Apps collect, record and store data (either saving it to the local sandbox or in-memory inside an app). In addition, apps retrieve data from and transmit data to cloud or backend servers that control the service provided by the app. Apps also have stored deep inside the code of the app itself and in the app’s preferences, critical information about networks, users, profiles and services used by the app. Apps are treasure troves of personal information and pathways to personal information. Because of this, organizations must add protections to the app (i.e., at the app level), to protect the data and the code of the apps provided to end users.
GDPR offers organizations a way of balancing the need to implement technological safeguards against the cost and risk associated with doing nothing. GDPR says that organizations can take into consideration:
...the state of the art, the cost of implementation and the nature, scope, context and purposes of processing as well as the risks of varying likelihood and severity for rights and freedoms of natural persons posed by the processing.
Of course, it’s not clear how an organization should calculate the “risk and severity” of a potential breach, and the cost of miscalculation is potentially very high given mandatory disclosure obligations for data breaches and stiff penalties.
At Appdome, we make mobile integration easy. We are the only vendor that lets organizations automatically “implement” and “integrate” mobile protection and other services to apps at every level, from any vendor, without code or coding, in seconds. This freedom, as well as the multitude of protection options available on Appdome, is the core of our value proposition. Appdome’s service works in seconds, regardless of how the app is built, to allow our users to deliver mobile app protections quickly and easily to every app provided to end users.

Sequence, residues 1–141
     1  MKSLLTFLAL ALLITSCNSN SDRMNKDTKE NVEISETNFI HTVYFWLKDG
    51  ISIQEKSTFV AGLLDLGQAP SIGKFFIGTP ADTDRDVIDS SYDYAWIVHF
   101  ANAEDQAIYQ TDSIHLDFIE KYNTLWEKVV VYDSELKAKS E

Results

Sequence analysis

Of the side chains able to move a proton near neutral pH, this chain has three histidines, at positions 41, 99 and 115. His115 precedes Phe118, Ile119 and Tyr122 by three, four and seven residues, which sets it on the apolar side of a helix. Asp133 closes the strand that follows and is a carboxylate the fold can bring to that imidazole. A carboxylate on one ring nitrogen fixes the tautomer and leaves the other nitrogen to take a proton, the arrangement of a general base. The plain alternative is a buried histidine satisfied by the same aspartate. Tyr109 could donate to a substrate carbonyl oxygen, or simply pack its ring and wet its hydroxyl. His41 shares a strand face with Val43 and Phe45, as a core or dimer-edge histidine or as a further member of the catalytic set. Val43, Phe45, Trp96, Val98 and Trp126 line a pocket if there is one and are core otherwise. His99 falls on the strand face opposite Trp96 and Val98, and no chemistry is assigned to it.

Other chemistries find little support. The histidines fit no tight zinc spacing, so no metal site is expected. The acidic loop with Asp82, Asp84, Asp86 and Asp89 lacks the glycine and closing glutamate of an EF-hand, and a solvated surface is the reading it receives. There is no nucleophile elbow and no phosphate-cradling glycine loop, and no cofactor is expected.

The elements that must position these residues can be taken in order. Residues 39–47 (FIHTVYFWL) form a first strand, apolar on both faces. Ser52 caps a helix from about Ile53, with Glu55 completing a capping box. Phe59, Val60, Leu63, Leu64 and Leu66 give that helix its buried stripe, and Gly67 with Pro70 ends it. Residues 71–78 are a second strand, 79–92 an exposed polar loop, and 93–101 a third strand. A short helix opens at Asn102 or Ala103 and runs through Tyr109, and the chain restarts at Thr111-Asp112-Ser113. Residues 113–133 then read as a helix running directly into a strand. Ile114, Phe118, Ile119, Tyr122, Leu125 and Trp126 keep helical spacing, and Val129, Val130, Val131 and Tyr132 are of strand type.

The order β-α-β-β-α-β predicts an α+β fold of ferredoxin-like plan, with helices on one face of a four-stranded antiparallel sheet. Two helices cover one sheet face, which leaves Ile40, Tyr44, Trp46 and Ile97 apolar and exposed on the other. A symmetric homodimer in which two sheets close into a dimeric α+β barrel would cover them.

GDPR also requires mobile app providers to take “organizational measures” (on top of the technical measures) to protect apps and app data. I’m glad that Appdome has two features that address this organizational requirement as well.
On Appdome, users can create Teams to allow different members of an organization to perform discrete actions within Appdome (such as uploading an app, signing an app, etc.). Within Appdome for Teams, there is an App Approval workflow that ensures an Approval Audit Trail for all protections added to apps. Appdome also provides a full log of who did what, when, where and how to each app. That way, organizations can demonstrate that they have taken the appropriate measures to protect apps and end users.
The bottom line is that organizations providing mobile apps to end users must take steps to implement technical and organizational measures and integrate safeguards to protect an app, its data and mobile end users – no matter who built the app.
Thank you and enjoy using Appdome.